If you’re a big fan of consistency, happy Constitution Day, the day every year when we find out Americans are no smarter than they were a year ago when they proved — again — they haven’t got a clue about the document they’re quick to cite when asserting their presumed rights.
Every year the Annenberg Public Policy Center at the University of Pennsylvania surveys Americans about how much they know about the form of their government, and every year Americans prove they don’t know much.
This year, the survey says, one third of Americans couldn’t name a single branch of the United States government. Not one.
Twenty-one percent could name one branch. Thirteen percent could name two. And 32 percent — obviously elitists with their fancy book learnin’ — could name all three. Spoiler alert: Judicial, Executive, Legislative. Come on, people!
The good news? That horrifying ignorance of the framework of the Constitution is the lowest it’s been since 2014.
“It is a sad commentary on the well-being of the body politic that the ability of a third of the public to name the three branches is worthy of a headline,” Kathleen Hall Jamieson, director of the Annenberg Public Policy Center of the University of Pennsylvania, said in a news release. “Let’s hope that this year’s increase will be followed by steady increases in the following years.”
Lipstick on a pig.
It’s not just that people don’t know how the government is organized. People don’t even know what it does:
• A quarter (27 percent) incorrectly said the Constitution allows the president to ignore a Supreme Court ruling if the president believes the ruling is wrong;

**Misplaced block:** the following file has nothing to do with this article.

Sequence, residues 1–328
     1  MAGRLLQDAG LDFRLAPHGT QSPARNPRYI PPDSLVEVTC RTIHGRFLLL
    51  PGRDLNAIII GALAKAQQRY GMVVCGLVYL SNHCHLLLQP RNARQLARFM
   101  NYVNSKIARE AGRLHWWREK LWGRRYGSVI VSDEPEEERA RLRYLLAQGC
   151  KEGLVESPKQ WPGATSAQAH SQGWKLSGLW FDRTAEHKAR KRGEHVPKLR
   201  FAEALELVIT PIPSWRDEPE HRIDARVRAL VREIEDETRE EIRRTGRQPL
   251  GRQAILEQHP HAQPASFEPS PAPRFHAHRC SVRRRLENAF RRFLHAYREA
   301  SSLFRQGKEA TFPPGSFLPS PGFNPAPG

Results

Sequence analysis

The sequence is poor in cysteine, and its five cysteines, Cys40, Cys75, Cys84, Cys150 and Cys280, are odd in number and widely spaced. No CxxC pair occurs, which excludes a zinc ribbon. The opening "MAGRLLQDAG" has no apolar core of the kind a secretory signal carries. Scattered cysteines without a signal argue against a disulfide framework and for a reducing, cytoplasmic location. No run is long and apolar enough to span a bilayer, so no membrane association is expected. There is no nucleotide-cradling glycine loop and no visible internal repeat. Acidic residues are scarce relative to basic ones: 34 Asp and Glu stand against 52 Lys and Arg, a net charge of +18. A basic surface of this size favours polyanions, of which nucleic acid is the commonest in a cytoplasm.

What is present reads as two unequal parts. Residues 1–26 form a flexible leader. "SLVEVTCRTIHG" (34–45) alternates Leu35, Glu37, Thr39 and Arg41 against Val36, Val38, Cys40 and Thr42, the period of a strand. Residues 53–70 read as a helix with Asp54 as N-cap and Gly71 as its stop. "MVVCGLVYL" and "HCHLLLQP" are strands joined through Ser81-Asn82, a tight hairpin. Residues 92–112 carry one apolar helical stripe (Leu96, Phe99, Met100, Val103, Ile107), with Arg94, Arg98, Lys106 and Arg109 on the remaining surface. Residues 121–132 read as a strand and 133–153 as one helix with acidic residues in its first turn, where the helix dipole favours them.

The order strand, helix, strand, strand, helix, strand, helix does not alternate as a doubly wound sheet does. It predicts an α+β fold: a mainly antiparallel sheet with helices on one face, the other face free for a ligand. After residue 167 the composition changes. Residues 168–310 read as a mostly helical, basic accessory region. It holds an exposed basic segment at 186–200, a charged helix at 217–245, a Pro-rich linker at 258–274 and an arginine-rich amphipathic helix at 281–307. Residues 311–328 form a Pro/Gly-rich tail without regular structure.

• A plurality (41 percent) incorrectly said that both the House and Senate must approve before a nominee becomes a justice on the Supreme Court (30 percent correctly know that the Senate alone confirms);
• But a slim majority (55 percent) knows that a 5-4 Supreme Court decision is the law and must be followed, about the same as last year.
Coincidentally — or perhaps not — Americans seem to be getting up to speed on some facets of the Constitution. Like impeachment, the release says.
• 82 percent know that the Constitution allows the president to be removed from office if the president is impeached for and convicted of high crimes and misdemeanors;
• 75 percent know that the Constitution requires the federal government to count the number of people in the United States every 10 years, also known as the census;
• 73 percent know that when the president vetoes a bill, it still can become law if two-thirds of the members in each house of Congress vote to override the president’s veto;
• And 68 percent know that the Constitution gives the president the power to grant pardons for offenses against the United States.
This year, the Center added a couple of questions, and found that 22 percent of people agreed that if the U.S. Supreme Court should begin issuing opinions that the majority of Americans disagree with, the court should be eliminated.
The survey found a significant relationship between constitutional knowledge and protecting the Supreme Court. An analysis of responses to four of the key knowledge questions found that people who correctly answered all four strongly opposed weakening or getting rid of the court. Those items concerned the names of the three branches; what it takes for Congress to override a veto; who confirms a Supreme Court justice; and what a 5-4 Supreme Court ruling means.
“We found a direct relationship between basic knowledge about the three branches of government and wanting to protect the independence of the courts,” said APPC distinguished research fellow Bruce Hardy, an assistant professor of communication and social influence at Temple University.
Jamieson said, “The survey shows the important role that understanding of the Constitution plays in the public’s support for an independent judiciary. But it is worrisome both that 1 in 5 would consider doing away with the Supreme Court if it were to issue a lot of unpopular decisions and that 1 in 4 think it would be OK for Congress to strip jurisdiction from the court in instances in which it disagrees with the court’s ruling.
“High-quality civics education is not a luxury,” Jamieson added. “One is unlikely to appreciate or defend constitutional prerogatives or rights one does not understand.”
It takes about five minutes to read the entire U.S. Constitution.